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A Saucer Scam and a Trip to Venus That Wasn’t

Taking into consideration my recent articles on the FBI’s files on George Adamski and George Van Tassel, I figured why not turn it into a “trilogy?” So, that’s what I’ve done. Without doubt, today’s file is the most bizarre of all. It’s a tale of tragic proportions, too. Unlike the files on Adamski and Van Tassel – which run to significant numbers of pages – the dossier in question amounts to only 4 pages. Dated June 10, 1959, it is captioned “Interstate Transportation of Stolen Property.” You may well wonder what on earth a document of such a title could have to do with UFOs and aliens. Read on…

As the FBI noted: “Perhaps one of the most fantastic fraudulent schemes ever to be conceived is the one in which a woman was duped into turning over her considerable assets to an elderly man with an extraordinarily vivid imagination. Current publications contain many articles concerning travel into space and landings on the moon or on one of the planets. Newspapers carry daily stories of new accomplishments in the filed of astronautics and space travel forecasts. Confidence man Harold Jesse Berney, however, as early as 1952 set in motion a scheme involving alleged interplanetary travel.”

Berney, who the FBI described as “a sign painter by trade,” was someone who “had a criminal record which dated back some 40 years. He was last released from prison by court order in 1949 after serving less than a year of a five-year sentence for embezzlement.” The FBI noted that Berney, in 1952, “became active in forming the Alberney Corporation, which was intended to produce television antennae. This company was dissolved in 1953, and a year later Berney incorporated the Telewand Corporation. This company also was allegedly for the purpose of producing television antennae, but it actually served as a front for a more ambitious program its promoter had in mind.”

All of which brings us to a woman named in the paperwork as “Miss Pauline Eva Bock.” The file reveals that Bock met Berney in the fall of 1952, and by early 1953 had “advanced several hundred dollars to Berney and had been made the secretary-treasurer of the Aberney Corporation.” Then, things got seriously weird. In matter-of-fact fashion, the FBI noted: “In the fall of 1954, Berney first began to tell Miss Bock of his trip to Venus.” As one does.

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According to Berney, he took the trip to Venus on a two-mile-long spacecraft, making a stop-off on the Moon (whether for a bathroom break, or for a breath of non-existent air, we are not told), and then hanging out with “certain leading men on the planet.” Berney further claimed he stayed on Venus for around 2 weeks and took a “tour of the major cities.” Life, apparently, was pretty good on Venus: gold was so in abundance that the Venusians used it “in the manufacture of plumbing fixtures,” no less! The buildings on Venus “dwarfed the Washington Monument,” Berney advised Bock.

At this point, a heartless scam was put into place by Berney. Venus’s very human-looking “Prince Uccelles” apparently informed Berney that he (Berney) had been selected to “supervise the manufacture on Earth of certain highly secret items which had been invented on Venus.” The most important “item,” according to the prince, was a mysterious “modulator.” In a ridiculous book that Berney wrote – Two Weeks on Venus – he said of the modulator that, “It not only generates power for light and manufacturing, but manufactures of itself the product known as magnetic flux, that being a source of unlimited power to operate any type of machinery.” The FBI recorded that, “Allegedly, the modulator could softly lift and lower millions of tons in a fraction of a second and could propel planes and spaceships at about the speed of light or hold them motionless in the sky.”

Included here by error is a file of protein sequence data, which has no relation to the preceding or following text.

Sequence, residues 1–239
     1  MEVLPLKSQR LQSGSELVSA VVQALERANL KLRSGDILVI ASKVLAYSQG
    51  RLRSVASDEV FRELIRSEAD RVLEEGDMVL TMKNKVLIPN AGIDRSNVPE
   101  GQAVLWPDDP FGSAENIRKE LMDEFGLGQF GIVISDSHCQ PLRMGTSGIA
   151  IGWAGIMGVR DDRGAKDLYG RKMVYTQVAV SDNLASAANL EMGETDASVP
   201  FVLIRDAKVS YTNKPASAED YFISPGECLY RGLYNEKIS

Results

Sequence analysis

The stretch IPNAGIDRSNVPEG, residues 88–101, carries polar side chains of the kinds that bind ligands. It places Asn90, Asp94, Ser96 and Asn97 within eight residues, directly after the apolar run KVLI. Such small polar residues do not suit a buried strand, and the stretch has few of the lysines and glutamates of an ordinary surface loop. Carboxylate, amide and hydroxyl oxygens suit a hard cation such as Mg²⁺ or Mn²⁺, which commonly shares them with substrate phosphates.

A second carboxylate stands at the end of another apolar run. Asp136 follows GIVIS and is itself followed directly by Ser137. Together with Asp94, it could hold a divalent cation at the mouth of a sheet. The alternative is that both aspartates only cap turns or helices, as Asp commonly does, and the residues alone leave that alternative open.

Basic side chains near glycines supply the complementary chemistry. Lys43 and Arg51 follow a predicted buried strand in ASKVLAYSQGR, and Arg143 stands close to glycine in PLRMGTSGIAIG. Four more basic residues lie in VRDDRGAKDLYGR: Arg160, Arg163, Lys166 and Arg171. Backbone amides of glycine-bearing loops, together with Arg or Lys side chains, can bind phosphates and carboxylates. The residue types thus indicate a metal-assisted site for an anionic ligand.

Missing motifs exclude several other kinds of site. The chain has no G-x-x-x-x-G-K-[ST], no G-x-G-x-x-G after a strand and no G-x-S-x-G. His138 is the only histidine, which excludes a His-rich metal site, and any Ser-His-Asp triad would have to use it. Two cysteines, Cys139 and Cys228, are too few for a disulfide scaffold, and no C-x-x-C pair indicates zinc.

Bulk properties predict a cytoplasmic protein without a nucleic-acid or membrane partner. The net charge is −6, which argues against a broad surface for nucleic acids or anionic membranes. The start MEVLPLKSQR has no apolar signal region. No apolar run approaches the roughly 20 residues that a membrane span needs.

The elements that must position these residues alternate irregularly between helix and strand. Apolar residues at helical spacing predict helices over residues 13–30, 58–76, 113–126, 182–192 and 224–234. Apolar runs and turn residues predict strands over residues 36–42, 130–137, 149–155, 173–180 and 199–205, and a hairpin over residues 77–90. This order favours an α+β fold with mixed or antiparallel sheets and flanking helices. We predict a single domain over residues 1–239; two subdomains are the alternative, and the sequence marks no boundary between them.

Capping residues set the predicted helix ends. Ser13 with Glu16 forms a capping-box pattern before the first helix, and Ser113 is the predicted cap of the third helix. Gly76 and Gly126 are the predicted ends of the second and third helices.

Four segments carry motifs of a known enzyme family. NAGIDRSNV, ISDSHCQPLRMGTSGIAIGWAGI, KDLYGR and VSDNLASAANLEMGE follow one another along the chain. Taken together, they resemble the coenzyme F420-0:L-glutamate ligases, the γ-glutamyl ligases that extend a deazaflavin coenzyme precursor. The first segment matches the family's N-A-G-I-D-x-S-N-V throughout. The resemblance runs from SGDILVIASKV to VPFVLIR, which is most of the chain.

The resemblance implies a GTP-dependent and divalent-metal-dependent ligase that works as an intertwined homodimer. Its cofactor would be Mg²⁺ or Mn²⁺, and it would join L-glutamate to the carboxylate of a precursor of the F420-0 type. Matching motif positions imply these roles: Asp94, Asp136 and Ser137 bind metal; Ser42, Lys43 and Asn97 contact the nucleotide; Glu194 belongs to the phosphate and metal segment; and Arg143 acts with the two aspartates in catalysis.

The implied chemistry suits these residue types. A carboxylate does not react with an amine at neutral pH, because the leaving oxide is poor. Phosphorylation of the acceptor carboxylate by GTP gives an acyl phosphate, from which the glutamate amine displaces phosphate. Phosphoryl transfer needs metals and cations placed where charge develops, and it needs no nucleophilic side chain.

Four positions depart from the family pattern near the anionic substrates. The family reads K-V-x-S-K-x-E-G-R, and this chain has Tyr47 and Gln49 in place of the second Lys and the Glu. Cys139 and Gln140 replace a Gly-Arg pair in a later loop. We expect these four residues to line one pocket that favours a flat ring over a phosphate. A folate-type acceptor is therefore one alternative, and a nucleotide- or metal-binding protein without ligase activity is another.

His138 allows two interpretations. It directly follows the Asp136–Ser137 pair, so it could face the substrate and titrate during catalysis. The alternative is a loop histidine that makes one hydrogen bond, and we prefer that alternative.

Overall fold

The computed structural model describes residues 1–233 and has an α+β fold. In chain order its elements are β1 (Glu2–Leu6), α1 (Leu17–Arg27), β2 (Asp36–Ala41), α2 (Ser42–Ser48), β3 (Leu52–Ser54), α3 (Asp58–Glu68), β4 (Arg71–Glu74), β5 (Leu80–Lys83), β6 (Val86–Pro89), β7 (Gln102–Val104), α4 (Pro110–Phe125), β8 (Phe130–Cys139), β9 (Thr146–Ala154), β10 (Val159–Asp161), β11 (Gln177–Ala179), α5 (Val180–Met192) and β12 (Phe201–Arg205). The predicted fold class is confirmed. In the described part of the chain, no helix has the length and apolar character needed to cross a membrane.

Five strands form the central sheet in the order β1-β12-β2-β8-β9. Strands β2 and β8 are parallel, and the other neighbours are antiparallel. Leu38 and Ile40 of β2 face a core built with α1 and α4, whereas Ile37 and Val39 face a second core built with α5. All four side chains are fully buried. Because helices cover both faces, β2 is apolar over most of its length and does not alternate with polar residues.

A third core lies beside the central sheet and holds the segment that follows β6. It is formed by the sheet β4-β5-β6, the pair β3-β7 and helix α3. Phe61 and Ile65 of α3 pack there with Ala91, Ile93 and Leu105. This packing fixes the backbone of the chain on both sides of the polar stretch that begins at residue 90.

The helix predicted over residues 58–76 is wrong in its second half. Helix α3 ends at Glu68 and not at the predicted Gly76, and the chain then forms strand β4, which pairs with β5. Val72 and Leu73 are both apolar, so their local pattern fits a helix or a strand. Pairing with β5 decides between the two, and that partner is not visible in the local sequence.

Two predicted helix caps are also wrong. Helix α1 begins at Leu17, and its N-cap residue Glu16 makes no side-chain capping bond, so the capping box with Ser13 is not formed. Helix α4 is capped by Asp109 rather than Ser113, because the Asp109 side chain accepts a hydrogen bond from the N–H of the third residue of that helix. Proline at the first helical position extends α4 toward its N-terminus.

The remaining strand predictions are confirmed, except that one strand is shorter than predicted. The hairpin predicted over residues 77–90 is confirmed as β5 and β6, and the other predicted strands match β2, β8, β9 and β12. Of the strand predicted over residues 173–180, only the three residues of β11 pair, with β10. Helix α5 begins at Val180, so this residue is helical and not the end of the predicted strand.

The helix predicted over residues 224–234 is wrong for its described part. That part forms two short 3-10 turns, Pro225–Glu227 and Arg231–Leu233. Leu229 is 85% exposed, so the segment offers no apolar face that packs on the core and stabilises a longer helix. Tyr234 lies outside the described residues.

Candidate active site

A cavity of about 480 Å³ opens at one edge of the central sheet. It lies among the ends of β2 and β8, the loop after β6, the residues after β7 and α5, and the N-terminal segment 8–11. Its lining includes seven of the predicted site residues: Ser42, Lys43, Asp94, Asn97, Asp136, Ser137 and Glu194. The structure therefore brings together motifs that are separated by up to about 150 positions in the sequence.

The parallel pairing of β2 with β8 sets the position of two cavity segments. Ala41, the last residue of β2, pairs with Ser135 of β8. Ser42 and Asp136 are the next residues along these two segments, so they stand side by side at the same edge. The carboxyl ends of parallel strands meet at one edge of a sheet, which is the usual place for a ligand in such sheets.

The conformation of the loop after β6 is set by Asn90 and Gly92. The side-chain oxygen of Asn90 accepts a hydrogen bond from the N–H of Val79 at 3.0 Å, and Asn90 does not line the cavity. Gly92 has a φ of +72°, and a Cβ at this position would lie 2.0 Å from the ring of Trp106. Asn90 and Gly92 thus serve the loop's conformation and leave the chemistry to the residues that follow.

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Now it was time for Berney, the alleged Contactee, to get his claws into poor Pauline. The FBI report says of this part of the story: “Berney told Bock that he was working in conjunction with a large corporation in the East to develop the ‘modulator’ for use by this country. The project was so secret, he said, that the details were known only to the White House and certain top officials of the Government. For this reason, he swore her to secrecy but assured her that when the device was completed any money she had invested in it would be multiplied at least seven times.”

Incredibly, by September 1956 Miss Bock had handed over to Berney “between $38,000 and $40,000.” That’s a hell of a lot of money today. Sixty years ago, it was even more. No-one will be surprised to learn that soon thereafter Berney vanished: he did a runner with the money. The FBI was soon on his trail, however, as the Bureau reveals: “In February 1957, the information regarding Berney’s defrauding operations came to the attention of the FBI and investigation was started under the Fraud by Wire Section of the Interstate Transportation of Stolen Property Statute. In the furtherance of his scheme, Berney had frequently contacted Miss Bock by telephone or letter to have her send more money to him.”

The story continues that when contacted by the FBI, Miss Bock “instantly identified a photograph of Harold J. Berney as the individual who had defrauded her of her money. She said that the only things she had to show, in a material way, from Berney’s schemes were a chair and a couch she got when the Telewand office was closed in 1955. She also had $800 from the sale of Telewand machinery.” The file continues that an extensive search was soon underway to find Berney. It proved to be successful: he was arrested on March 25, 1957 in Prichard, Alabama. He was soon behind bars.

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